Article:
Type 1 diabetes (T1D) is caused by the autoimmune mediated destruction of the pancreatic islet β cells, leading eventually to absolute deficiency in insulin. The development of autoimmunity precedes the clinical diagnosis of diabetes and is due in large part to the inability of regulatory T cells (Tregs) to control the pathogenic autoreactive T cells from destroying the insulin-producing  pancreatic islet β cells.

In clinical trials, less than 30% of patients T1D achieve glycaemic targets while in standard clinical practice rates are usually less than 16%. Importantly, at the time of diagnosis of T1D, there are  residual β cells capable of producing insulin.  Remission of the autoimmunity at this stage could have significant therapeutic benefit. Preservation of β-cell function has the potential to improve metabolic control more effectively, at lower cost and with higher patient acceptability than current standard insulin replacement therapy. 

The DIABIL-2 project aims to stimulate Tregs by ultra-low dose interleukin-2 (IL-2) at diagnosis of T1D to prevent further autoimmune-mediated destruction of β-cells. This will prevent or delay T1D disease progression and could improve clinical outcome for patients.

About Type 1 Diabetes (T1D)
T1D is one of the most common severe chronic autoimmune diseases worldwide. In Europe its incidence is rapidly rising in children, with a predicted 70% increase in cases over the next 15 years. The age at T1D diagnosis is decreasing, with a predicted doubling of cases in children under the age of 5 years in the same period. The cause of T1D is the autoimmune-mediated progressive destruction of insulin-producing pancreatic β cells leading to insulin deficiency and hyperglycaemia.



A Model for the Pathogenesis of Type 1 Diabetes Based on Genetic Etiological Studies in Humans
(From J.A. Todd, Etiology of Type 1 Diabetes, Immunity, 2010)


The IL-2 pathway is central to the development of T1D. Tregs are dependent on IL-2. Treatment with IL-2 should improve Treg function and prevent effector CD4 and CD8 T cells killing of β-cells and resulting destructive inflammation.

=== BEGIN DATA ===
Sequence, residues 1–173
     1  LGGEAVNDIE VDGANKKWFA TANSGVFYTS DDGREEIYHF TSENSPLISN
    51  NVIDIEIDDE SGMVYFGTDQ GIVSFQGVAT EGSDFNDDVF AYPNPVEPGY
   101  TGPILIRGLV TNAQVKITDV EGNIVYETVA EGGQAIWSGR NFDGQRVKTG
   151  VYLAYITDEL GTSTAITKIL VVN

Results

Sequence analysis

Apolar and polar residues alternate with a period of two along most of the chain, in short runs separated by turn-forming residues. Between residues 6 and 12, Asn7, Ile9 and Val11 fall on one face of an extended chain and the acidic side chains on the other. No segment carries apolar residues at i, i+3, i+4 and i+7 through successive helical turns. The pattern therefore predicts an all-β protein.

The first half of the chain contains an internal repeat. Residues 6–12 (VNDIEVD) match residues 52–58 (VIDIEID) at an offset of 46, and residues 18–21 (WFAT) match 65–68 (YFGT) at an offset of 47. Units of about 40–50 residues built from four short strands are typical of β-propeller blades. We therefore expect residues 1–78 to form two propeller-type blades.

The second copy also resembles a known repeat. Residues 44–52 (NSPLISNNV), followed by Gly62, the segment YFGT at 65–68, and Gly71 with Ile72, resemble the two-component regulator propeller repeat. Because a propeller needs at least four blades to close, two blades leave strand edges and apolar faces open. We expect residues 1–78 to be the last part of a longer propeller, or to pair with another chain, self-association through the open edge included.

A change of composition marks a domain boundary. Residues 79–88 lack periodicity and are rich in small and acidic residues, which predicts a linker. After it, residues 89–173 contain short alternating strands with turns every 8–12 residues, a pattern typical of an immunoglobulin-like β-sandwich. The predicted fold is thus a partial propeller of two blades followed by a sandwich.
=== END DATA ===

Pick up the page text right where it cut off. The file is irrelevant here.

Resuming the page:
About Treg cells and Interleukin-2
Regulatory T cells (Tregs) form a subpopulation of T lymphocytes that regulate the immune system to maintain tolerance to self-antigens and prevent autoimmune diseases. As T1D is caused by the failure of Tregs to block autoimmune destruction of pancreatic ß-cells, Treg stimulation has the potential to stop the process, preserve ß cells’ insulin secretion, and likewise prevent or delay disease progression and improve clinical outcome for patients.

The central role of Tregs in the control of the immune response has led to intensive research of Treg-based therapy to treat various immune dysfunctions.

We and others have shown recently that IL-2 can directly and specifically activate/expand Tregs. IL-2 is a soluble signalling molecule that regulates the activities of white blood cells (leukocytes, often lymphocytes). IL-2 mediates its effects by binding to IL-2 receptors, which are expressed by lymphocytes, notably at the highest levels on Tregs. IL-2 given at low dose stimulates Tregs without stimulating other lymphocytes and thus could be an ultimate Treg stimulator for fighting autoimmune diseases.